#6

I do think there is something screwed up about our relationship to what we eat. Right now it is illegal to slaughter and eat horses - even if they are at the end of their life. It’s this line between “companion” animals and food animals, where food animals are somehow lesser.

The divinity and intermarriage with that which feeds us seems like the most important thing to repair. Horses were quite literally raised for food before we ever thought of riding them, but they were no less sacred and related to us at that time - you can be sure of that by seeing how other indigenous people embrace domesticated animals into their way of life. The Navajo and sheepfarming are a good example. There is no doubt about the sacredness of the relationship to their sheep, as weavers and herders, and eaters.

If eating a dog (the Lakota are famous for eating puppies!), or a cat, a chicken, a sheep, a horse, if eating any of these beings disturbs us, then it behooves us to ask why, and to not be satisfied with the first answer we give ourselves. Keep digging.

The tradition of sky burial - putting human bodies out for the scavengers of the air and earth to feed upon - is a way that I think we can give back from our end. Choosing to die well and give up our bodies back to the Big Life.


Rewilding our Relationships with Domesticated Beings - PART 1 - DOGS
#7

PART 3 - LIVESTOCK: Rewilding our Relationships with Domesticated Beings - PART 3 - "LIVESTOCK"


#8

Here is an article specific to rewilding horses:


#9

#10

#11

For those who didn’t want to read the external articular or are compassionate to the idea of wild horses, the government does round them up & sell them at auction … they do kill what they dont sell

I would argue the relationship of treating wild horses (who yes are intelligent beings who can communicate with us) like overpopulated deer is probably more ethical than breeding it to retardation just to achieve something ascetically beautiful (show horses) or fast (race horses). At least they were free.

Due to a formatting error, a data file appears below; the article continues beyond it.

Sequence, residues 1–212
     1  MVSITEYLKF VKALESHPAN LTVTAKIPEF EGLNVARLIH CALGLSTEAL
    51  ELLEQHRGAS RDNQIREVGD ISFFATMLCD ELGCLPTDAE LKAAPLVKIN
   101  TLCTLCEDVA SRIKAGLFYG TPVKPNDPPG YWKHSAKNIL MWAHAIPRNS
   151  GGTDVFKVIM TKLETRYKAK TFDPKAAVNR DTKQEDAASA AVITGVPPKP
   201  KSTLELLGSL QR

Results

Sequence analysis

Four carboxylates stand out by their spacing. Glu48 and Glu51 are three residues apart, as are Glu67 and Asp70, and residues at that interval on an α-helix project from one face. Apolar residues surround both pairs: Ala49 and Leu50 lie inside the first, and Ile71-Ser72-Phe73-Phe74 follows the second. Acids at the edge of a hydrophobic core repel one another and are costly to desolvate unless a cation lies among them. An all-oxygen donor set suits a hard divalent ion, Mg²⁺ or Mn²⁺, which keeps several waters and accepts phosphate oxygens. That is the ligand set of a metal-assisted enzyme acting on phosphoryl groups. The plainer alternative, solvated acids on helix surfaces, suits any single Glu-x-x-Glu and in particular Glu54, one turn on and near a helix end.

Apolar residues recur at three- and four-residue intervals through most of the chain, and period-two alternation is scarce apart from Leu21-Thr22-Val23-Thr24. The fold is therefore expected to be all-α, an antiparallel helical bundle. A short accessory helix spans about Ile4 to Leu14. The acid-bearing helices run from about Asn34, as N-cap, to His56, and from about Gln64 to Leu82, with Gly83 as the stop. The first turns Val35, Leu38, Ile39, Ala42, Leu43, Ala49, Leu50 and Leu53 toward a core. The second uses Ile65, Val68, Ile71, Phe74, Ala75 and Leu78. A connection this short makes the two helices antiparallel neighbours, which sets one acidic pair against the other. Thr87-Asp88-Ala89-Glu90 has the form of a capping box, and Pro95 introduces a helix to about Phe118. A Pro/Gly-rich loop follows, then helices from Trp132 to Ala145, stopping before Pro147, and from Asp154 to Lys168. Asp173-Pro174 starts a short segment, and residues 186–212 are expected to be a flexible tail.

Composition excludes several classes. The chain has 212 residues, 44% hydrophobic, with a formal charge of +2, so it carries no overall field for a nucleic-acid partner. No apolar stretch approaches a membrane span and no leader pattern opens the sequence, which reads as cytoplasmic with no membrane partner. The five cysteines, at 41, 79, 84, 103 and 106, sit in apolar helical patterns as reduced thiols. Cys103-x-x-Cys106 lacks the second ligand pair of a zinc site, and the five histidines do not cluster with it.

#12

Hello, ive been living with my small flock of dairy sheep 24/7/365 for past few years. I walk them around to different peoples’ farms/yards to stay inbetween squatting vacant fields. When they’re producing at least a half gallon a day i stay away from civ food and just dine on the milk and wild edibles, when they are dry i accept the food donations from people that stop to talk with us. I consider them to be my family but i describe them as my service animals to people on the street because i need my sheep to focus on 2 things; eating and my vibrational signals! I’ve learned not to let other people socialize(definitely no feeding!) with them because ive found it to dilute their focus and trust in me so that they don’t follow me nearly as well.


#13

Hello HomelessShepherd, thanks for your comments! I am wondering if you might want to move them over to the thread that revolves specifically around discussion of “livestock” Rewilding our Relationships with Domesticated Beings - PART 3 - “LIVESTOCK” Looking forward to reading more more of your contributions, and welcome to the community! :slight_smile:


#14

Hello, yes yes you can move it whereever is most appropriate but i dont think i xan even navigate this site so i dont know if its worth your time? Sorry


#15

interesting quick video re: genetic diversity “then vs. now”… http://www.sciencemag.org/news/2017/04/video-sacrifice-ancient-horses-gives-clues-their-domestication?utm_source=sciencemagazine&utm_medium=facebook-text&utm_campaign=horsesacrifice-14214


#16